With the fall of the Ottoman Empire, the European victors proceeded to divide up much of the Levant between them, and France was given the mandate to rule over Lebanon; its linguistic and architectural influence can still be discerned in the city today. French rule continued until 1943 when Lebanon finally gained full independence from France. Discontent finally boiled over in 1975 and for the following 16 years, the country was under civil war, resulting in a massive loss of human life and property, while devastating the country’s economy. It is estimated that 150,000 people were killed and another 200,000 wounded.
Today, Lebanon is a confessional democracy – which means that every religious community is represented in the Government. Beirut has been rebuilt – seven times! and parts of it are as cosmopolitan as thirty years ago. There is a lot of healing and reconstruction that the country and its people are still going through – and despite this – it has managed to accommodate a million Syrian refugees (let alone the Palestinians beforehand). That is Lebanon, it works, even if you don’t quite understand how that is possible.
The country is blessed with magnificent mountain vistas, long stretches of pristine beaches and impressive ancient ruins that you mustn’t miss. Hence, apart from the coastal cities, the Lebanese territory consists mostly of mountain and hill country. Which cities? Coming down from the north, Tripoli (definitely the best city to go for authenticity, history and nightlife), Byblos, Jounieh, Beirut, Sidon and Tyre- are the main attractions of the country. Byblos was the first Phoenician city and now is still one of the oldest continuously inhabited cities in the world (5000BC).
Then there is Baalbek which is a must for the ruins – one of the most well preserved Roman sites to this day. And for sure, the exquisite Qadisha Valley – home to the legendary Cedars of God, the most highly prized building materials of the ancient world. The valley is a UNESCO World Heritage Site because it is the site of some of the earliest Christian monastic settlements in the world, and still represents an example of the early Christian faith.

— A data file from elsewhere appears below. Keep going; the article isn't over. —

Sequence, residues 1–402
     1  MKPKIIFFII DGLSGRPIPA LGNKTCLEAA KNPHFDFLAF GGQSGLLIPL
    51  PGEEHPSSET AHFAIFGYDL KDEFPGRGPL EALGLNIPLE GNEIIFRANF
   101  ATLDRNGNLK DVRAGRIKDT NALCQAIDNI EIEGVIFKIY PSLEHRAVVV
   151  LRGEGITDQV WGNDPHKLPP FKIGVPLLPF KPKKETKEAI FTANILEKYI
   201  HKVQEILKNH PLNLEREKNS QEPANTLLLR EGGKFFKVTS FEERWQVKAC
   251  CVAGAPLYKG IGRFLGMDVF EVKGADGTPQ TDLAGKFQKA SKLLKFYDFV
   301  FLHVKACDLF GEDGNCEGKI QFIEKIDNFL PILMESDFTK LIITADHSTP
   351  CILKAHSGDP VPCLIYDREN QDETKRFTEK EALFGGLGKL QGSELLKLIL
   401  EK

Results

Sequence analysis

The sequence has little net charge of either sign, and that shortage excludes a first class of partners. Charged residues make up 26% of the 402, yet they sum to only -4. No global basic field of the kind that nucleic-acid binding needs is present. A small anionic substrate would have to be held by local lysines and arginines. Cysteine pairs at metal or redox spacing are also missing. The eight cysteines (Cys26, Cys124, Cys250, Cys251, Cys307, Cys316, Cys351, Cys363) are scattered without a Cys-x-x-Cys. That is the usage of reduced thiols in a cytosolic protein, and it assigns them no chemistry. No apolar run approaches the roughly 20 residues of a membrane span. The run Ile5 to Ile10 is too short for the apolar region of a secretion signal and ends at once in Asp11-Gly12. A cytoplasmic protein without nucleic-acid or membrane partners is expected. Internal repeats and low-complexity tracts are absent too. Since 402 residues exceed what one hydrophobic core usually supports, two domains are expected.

But what about its people? Lebanese people are warm-hearted and welcoming. They are easy going, opened people that still have their smiles on their face even against financial difficulties or political issues. Besides, it must be mentioned that Lebanon is the country with most refugees per capita in the world! Currently, there are 4 million Lebanese living in Lebanon and 1.3 million Syrian refugees as well as approx. 260.000 Palestinians.
The next door conflict in Syria and the influx of refugees endangers the internal social balance in the country. The situation of the refugees though it is not that bright – there are many complaints that the system allows local governments to steal, divert or withhold aid. As long as they have minimal legal rights and live in such scarce conditions, it’s difficult to imagine these people living in camps and such conditions indefinitely, but at the moment there is no foreseeable solution.